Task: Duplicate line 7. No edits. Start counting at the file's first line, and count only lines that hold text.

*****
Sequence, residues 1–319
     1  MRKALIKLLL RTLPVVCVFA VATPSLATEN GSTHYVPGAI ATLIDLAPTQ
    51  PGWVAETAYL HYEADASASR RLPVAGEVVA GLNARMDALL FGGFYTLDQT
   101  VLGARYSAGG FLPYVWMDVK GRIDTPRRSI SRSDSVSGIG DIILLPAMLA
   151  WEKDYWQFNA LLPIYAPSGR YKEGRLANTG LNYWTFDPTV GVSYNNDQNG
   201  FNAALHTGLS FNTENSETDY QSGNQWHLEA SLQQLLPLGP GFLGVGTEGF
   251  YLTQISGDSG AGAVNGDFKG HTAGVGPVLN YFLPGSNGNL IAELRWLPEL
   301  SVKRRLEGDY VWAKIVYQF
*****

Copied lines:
   251  YLTQISGDSG AGAVNGDFKG HTAGVGPVLN YFLPGSNGNL IAELRWLPEL